Tension simmered not far beneath the surface of this ostensibly friendly interaction. Moto Khan had previously been a local leader of the Taliban. Another elder sitting in the back of the room had lost two sons fighting the marines. These men had no love lost for their camouflaged guests, but as wily survivors they could calculate their own-self interest—and much as their counterparts in Iraq’s Anbar Province had done in 2007, they had decided to throw in their lot with “the strongest tribe,” at least for the time being.
Thanks to their cooperation, Marjah, once the epicenter of violence in Afghanistan, had turned remarkably peaceful. After leaving the elder’s house, the biggest obstacle that Schmitt encountered was flocks of stubborn sheep blocking the road. No snipers targeted his men, no IEDs went off to blow up his MRAPs. He was even able to lead his visitors on a walk through an open-air market, helmets off to reflect the greater sense of security. Once closed, the market was now bustling, with kids running around, stalls piled high with everything from vegetables to plastic flip-flops, and jingle trucks and motorcycles clogging the main street. Schmitt pointed proudly at this accomplishment, which was more significant in his mind than any number of insurgents caught or killed.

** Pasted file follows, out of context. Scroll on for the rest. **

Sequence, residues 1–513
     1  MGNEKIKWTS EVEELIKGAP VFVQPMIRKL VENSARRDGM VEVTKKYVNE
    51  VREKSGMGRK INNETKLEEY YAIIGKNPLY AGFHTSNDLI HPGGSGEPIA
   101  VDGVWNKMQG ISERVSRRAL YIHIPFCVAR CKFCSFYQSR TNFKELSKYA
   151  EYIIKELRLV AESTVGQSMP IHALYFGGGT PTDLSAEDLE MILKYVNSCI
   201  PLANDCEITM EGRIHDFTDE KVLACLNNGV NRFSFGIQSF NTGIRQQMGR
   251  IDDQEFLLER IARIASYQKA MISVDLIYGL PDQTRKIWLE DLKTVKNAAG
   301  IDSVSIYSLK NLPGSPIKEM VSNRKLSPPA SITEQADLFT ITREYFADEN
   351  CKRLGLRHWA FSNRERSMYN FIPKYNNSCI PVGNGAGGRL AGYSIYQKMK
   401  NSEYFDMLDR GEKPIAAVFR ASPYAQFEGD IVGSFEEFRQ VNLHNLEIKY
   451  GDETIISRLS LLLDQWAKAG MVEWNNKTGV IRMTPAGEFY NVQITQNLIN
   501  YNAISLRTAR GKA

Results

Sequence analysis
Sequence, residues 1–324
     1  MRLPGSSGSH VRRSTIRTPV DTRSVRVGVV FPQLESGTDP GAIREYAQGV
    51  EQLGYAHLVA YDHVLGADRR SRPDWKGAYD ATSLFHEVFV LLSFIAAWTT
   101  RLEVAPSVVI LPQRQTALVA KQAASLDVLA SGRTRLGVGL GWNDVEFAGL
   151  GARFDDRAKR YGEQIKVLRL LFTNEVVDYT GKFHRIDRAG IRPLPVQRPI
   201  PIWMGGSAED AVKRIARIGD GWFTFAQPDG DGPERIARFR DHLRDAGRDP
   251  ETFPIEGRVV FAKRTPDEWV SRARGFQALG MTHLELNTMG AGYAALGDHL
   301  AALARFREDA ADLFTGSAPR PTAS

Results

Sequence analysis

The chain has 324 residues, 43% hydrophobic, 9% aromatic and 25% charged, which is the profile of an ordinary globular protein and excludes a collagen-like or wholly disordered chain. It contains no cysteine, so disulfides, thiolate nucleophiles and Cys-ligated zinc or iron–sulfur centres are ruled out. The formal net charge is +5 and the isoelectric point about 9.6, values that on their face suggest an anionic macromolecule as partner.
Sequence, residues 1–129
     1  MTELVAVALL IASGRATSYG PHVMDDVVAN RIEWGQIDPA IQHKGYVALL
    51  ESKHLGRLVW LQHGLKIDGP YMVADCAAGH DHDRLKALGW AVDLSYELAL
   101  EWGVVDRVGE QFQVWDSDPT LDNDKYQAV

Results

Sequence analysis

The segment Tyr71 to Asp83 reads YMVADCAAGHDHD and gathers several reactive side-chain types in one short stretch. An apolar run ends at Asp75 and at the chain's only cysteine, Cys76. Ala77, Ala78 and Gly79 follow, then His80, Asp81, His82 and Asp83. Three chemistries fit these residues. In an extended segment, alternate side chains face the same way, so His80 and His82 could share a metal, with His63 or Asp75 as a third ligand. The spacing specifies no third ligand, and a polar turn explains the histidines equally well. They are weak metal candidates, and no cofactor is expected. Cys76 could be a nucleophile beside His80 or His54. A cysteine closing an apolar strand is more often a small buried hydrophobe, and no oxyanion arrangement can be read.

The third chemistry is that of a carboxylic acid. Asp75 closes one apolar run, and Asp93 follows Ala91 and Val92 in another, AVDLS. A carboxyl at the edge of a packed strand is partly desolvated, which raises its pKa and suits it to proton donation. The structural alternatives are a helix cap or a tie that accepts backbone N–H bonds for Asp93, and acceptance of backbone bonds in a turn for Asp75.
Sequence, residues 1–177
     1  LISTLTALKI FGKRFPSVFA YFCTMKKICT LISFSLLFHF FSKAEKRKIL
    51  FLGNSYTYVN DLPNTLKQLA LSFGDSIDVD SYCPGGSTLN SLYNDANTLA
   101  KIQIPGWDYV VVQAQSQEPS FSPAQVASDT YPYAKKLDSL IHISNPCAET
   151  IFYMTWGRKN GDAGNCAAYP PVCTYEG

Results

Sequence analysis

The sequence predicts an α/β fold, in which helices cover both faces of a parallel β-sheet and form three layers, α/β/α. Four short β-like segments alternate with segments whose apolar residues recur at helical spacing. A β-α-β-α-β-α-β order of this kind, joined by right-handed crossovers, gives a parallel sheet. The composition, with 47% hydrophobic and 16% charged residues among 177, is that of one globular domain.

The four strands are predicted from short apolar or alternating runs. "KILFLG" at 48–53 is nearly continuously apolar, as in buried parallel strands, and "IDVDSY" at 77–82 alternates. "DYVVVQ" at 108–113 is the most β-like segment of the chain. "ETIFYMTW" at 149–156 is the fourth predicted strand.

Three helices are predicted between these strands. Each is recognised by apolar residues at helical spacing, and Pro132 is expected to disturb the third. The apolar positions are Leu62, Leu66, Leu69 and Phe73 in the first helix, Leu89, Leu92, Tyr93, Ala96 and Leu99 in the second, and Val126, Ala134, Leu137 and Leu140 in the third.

Despite this scene of apparent tranquility, a major question hung ominously in the air like the portent of a far-off storm: Would these gains endure once all the marines had gone? Much the same question had been asked by American soldiers in Iraq in 2007.1